Friday, June 18, 2010

Daily Show makes a point on Energy Independence

The Daily Show With Jon StewartMon - Thurs 11p / 10c
An Energy-Independent Future
Daily Show Full EpisodesPolitical HumorTea Party

Jon Daily has a remarkable ability to poke fun at politicians but this segment is especially biting.  He goes through eight presidents' rhetoric about "energy independence."   The segment raises a question that we should think about more carefully.   The American economy has benefitted increasing integration into the global economy.  No one but some labor activists actually believe that we need to have steel or cherry independence.   It is about what Ricardo called comparative advantage.   A lot of products we once produced are done somewhere else now because they can be produced more easily somewhere else.  We ultimately benefit from being able to consume raspberries in the winter which come from Chile.

One argument that is raised about oil - with presidents like Bush 43 - is the security issue.  But what is the difference between the argument in favor of domestic steel production (we need it in case of a war) and oil?  Free flowing trade will ultimately trump the security issues.  Unless we let the nativists and the mercantilists determine our policies.   From my perspective, and the Daily piece points this out, part of the hangup is balancing environmental policy with energy policy.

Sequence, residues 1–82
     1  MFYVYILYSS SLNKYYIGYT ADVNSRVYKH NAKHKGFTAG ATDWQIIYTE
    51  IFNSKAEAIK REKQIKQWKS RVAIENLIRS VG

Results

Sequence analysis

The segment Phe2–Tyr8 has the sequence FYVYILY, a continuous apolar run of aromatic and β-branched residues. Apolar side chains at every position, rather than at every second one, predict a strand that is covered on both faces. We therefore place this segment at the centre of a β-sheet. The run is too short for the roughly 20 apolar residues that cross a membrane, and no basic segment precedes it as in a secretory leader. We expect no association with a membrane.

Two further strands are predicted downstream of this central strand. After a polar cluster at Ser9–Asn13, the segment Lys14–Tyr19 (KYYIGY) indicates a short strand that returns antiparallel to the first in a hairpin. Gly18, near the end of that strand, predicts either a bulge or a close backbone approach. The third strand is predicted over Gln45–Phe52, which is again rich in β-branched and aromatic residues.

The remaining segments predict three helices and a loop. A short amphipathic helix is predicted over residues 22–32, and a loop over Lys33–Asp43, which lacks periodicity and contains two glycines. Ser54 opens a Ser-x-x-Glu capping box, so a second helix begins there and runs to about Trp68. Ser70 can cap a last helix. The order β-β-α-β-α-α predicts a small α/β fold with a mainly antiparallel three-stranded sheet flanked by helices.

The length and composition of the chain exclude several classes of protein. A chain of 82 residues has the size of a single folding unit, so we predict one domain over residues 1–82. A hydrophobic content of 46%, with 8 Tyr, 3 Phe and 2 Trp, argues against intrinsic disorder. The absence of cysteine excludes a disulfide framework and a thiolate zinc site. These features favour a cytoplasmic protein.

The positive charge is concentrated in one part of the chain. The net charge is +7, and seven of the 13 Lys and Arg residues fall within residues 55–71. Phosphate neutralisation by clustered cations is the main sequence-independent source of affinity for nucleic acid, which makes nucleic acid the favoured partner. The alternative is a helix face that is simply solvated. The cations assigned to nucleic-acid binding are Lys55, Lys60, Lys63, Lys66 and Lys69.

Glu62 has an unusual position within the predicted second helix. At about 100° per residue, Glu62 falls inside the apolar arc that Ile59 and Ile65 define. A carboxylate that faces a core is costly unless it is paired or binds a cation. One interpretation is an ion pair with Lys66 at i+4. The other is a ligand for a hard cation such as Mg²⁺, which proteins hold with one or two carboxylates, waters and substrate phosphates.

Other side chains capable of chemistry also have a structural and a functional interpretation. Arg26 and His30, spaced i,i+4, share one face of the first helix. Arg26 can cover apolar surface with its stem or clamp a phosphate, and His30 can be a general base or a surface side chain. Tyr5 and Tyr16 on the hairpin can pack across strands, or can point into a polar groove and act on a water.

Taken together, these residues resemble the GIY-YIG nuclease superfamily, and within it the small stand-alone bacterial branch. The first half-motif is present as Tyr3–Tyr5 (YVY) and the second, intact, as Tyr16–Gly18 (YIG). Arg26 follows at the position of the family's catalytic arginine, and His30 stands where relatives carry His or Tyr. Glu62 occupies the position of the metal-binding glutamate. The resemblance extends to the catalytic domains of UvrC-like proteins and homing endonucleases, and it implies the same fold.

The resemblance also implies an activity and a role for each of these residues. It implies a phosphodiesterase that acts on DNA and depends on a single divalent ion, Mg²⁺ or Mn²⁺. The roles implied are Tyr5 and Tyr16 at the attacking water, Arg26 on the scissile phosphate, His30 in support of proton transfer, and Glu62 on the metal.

A second argument used, mostly by democrats, is the finite nature of oil.  Here basic economics comes into play.  When the price of energy goes up people change their behavior.   That is called elasticity of demand and oil is a pretty elastic product.  In 1973, in my last stint in the federal government, we had a heated debate about whether Americans would change their consuming habits as the price of oil went from 25¢ to about a $1.50 in a short few months.   We found very quickly that Americans began demanding smaller more fuel efficient cars.   In a relatively short period of time the auto makers adjusted and they were being produced.  Oil is finite, but as was found in the first oil crisis (Whale Oil) in the middle of the 19th Century when the price of a commodity goes up sufficiently ingenuity takes over and something else (in this case petroleum) replaces the higher priced product.   There is no reason why as supplies of oil become less available we won't develop new fuels.   But we won't develop them until price dictates.

One final note, when the first president in the string began to talk about energy independence our figure was about a third of our oil - it is now about seventy percent.  So much for successful policy.

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